100_6206 100_6208

I don’t know why, but I love before and after fermentation pictures.  I think it’s just so cool!

 100_6209 100_6212

I made 1 large loaf and 5 torpedo rolls.


And the finished product?100_6215



We enjoyed some very Italian dishes with our beautiful Italian bread.

Spaghetti with garlic bread…


And some meatball subs loaded with melted cheese. Mmmmm…  100_6238 100_6240

Overall Impressions:

This bread was not difficult, but I did not find it to be as flavorful as the French baguettes.  I don’t know if this was because of my use of sourdough starter in the French bread or just some difference in the formulas.

Would I make it again?  For my time, I’d rather have the French bread. 

Wednesday, November 4, 2009

Jesus is in the hard places

I have to believe it.  I just have to believe that He is in my hard place right now.

Part of what discussed today at BSF was the story from John 4:43-54 of Jesus healing the son of a nobleman.  During this portion of the lecture, our teaching leader discussed the likelihood that the nobleman was initially resistant to believing that Jesus was not limited by time, space or death.  I think back now and wonder how hard it must have been to believe Jesus and obey when he said, “Go, your son will live” (vs. 50).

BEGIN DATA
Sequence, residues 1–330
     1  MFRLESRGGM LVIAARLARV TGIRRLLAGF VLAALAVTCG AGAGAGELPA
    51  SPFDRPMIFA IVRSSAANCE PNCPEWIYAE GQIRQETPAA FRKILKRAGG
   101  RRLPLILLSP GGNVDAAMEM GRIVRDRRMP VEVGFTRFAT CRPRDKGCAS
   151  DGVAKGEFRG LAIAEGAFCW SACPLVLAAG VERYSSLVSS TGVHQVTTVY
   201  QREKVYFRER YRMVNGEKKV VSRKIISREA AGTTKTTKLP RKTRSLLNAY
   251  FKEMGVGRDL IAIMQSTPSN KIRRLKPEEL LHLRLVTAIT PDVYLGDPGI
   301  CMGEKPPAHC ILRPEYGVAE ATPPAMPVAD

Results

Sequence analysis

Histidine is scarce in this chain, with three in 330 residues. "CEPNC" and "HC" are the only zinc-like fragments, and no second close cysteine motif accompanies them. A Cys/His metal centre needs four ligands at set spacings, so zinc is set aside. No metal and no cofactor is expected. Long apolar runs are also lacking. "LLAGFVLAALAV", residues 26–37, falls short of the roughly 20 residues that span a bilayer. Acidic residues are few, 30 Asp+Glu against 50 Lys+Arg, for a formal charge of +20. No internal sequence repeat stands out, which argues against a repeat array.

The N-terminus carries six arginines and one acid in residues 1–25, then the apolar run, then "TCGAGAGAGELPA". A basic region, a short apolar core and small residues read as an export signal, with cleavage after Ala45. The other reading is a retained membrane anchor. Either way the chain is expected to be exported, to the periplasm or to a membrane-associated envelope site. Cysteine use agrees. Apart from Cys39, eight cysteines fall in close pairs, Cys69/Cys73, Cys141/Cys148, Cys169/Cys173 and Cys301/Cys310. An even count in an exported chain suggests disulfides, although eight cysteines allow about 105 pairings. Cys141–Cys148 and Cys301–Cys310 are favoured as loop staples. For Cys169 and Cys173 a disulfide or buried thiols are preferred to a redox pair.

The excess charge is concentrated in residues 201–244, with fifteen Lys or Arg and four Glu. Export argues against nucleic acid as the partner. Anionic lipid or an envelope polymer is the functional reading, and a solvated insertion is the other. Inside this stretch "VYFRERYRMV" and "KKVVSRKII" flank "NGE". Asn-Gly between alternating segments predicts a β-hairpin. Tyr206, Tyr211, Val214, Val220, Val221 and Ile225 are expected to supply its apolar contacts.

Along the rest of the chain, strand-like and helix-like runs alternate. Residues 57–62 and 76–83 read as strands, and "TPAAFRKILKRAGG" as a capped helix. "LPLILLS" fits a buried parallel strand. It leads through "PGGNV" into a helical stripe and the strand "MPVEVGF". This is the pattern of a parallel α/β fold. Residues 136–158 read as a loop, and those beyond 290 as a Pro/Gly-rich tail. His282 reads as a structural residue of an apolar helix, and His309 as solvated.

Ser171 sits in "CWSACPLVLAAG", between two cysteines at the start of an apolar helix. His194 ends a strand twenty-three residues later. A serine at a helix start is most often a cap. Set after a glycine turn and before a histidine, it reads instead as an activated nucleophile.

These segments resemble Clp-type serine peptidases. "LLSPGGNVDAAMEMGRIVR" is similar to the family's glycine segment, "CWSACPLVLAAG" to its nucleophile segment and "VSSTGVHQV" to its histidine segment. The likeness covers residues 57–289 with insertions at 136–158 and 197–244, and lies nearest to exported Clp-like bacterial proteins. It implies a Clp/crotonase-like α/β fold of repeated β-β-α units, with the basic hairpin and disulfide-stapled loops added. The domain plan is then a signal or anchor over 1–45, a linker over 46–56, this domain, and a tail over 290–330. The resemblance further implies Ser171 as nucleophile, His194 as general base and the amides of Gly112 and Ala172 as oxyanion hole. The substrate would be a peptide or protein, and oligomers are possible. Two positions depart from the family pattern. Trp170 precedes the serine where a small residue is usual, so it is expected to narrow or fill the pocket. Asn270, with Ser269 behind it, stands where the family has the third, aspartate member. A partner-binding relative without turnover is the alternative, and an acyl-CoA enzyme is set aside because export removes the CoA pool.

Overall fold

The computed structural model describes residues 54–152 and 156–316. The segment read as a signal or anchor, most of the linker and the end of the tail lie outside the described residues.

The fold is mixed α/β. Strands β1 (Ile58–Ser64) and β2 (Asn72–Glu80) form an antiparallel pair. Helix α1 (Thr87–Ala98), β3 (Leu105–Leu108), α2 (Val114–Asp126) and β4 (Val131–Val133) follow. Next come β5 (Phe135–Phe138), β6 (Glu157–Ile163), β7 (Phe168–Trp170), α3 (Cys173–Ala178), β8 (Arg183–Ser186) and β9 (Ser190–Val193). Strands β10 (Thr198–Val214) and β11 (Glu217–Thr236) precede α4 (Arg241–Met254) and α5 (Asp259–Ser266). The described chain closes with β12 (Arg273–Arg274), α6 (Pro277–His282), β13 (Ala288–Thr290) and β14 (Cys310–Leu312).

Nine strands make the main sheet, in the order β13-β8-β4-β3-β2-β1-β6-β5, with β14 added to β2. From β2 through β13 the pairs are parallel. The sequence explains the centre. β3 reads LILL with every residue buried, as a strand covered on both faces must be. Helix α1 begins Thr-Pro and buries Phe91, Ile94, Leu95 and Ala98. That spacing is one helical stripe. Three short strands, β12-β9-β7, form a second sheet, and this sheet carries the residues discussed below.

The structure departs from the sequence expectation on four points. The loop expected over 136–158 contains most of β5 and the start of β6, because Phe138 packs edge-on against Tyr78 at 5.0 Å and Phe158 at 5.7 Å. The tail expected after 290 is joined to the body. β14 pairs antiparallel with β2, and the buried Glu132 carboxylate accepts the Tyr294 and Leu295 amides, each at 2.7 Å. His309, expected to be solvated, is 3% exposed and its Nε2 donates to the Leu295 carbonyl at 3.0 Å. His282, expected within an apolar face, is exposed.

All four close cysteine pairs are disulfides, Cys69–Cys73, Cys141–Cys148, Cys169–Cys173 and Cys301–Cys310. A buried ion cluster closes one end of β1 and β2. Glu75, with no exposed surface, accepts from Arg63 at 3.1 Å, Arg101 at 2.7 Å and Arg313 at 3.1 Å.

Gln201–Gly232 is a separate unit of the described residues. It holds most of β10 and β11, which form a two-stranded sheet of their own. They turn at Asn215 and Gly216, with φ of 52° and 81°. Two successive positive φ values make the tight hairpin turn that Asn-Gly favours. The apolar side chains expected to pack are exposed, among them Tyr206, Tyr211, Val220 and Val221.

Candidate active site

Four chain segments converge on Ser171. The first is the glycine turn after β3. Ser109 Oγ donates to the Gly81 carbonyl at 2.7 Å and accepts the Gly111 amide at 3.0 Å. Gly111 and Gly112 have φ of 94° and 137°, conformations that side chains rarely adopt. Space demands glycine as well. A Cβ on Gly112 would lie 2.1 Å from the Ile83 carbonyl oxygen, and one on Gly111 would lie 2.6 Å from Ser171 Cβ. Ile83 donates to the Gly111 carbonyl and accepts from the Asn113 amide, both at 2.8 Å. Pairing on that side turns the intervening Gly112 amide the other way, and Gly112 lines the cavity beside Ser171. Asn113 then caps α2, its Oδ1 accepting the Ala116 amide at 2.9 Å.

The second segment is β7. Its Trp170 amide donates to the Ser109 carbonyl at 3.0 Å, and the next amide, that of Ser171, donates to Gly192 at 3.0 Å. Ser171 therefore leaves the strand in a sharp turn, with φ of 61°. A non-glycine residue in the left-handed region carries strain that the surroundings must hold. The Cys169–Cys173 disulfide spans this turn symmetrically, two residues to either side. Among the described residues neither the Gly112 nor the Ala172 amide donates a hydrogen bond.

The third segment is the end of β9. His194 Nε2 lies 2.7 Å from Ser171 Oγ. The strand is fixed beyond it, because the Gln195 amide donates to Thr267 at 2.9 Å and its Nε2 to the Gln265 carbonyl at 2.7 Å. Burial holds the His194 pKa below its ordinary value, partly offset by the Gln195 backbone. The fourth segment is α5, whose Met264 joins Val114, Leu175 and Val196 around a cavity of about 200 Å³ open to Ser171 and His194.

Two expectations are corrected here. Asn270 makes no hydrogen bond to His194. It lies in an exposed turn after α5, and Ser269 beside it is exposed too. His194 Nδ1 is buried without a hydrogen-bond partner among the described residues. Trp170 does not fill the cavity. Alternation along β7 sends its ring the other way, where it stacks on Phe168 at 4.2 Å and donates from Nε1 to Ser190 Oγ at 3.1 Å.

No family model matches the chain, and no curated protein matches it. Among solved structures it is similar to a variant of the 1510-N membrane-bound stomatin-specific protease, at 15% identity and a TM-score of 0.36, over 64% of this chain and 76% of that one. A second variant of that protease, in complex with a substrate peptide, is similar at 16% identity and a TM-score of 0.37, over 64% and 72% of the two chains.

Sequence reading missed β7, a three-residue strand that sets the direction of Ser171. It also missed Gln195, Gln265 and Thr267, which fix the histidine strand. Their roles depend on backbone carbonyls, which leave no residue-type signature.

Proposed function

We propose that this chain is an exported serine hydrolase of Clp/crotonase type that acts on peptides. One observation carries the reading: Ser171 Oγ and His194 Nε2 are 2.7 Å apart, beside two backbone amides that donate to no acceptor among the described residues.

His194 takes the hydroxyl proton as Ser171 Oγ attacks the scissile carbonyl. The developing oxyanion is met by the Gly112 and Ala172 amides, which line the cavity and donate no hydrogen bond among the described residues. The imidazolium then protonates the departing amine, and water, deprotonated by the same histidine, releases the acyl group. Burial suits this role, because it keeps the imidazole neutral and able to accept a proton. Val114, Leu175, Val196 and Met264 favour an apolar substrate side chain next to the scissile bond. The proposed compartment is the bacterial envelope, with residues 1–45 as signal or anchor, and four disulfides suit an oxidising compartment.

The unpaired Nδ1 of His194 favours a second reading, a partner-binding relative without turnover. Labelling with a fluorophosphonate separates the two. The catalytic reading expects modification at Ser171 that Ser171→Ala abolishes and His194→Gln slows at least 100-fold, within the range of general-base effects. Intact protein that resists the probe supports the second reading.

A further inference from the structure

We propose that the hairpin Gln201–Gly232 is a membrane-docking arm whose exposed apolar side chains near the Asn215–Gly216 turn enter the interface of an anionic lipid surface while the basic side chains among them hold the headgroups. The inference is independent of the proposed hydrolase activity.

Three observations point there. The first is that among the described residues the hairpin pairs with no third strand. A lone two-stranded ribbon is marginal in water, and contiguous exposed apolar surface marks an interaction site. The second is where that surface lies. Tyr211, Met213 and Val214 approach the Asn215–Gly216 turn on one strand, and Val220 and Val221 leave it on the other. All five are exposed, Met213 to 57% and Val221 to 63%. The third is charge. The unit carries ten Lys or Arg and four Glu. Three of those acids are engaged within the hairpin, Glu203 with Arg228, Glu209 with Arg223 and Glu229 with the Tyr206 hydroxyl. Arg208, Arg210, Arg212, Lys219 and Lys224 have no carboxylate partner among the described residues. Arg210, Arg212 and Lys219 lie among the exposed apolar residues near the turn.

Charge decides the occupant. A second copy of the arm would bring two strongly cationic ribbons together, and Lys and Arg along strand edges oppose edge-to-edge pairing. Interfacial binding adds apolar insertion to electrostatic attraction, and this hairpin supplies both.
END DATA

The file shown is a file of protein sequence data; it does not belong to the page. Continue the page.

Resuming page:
At one point, she loosely quoted Tom Landry:

“Leadership is getting someone to do what they don’t want to do, to achieve what they want to achieve.”

While our lecture was not on leadership, the point that I took away from it was this:  Sometimes, God is going to make me do some things that  don’t want to do to achieve the results that He wants. 

That nobleman had to believe and act on that belief  by leaving and going home in order for Jesus to release his healing power. 

But between that time of belief/action and the time that he got word that his son was alive and well, the nobleman was on the road between Cana and Capernaum.  Can you imagine how hard that road home must have been?  Knowing that you had entrusted your son’s very life to someone and that you were then leaving behind.  How alone must this father have felt?

But you know what?  Jesus was there.  He hadn’t been left behind.  Not in the least. He was working in the situation as that man took his (literal) steps of faith and headed home.

The man had to do what he didn’t want to do in order for Jesus to achieve the result that He wanted… the man’s faith.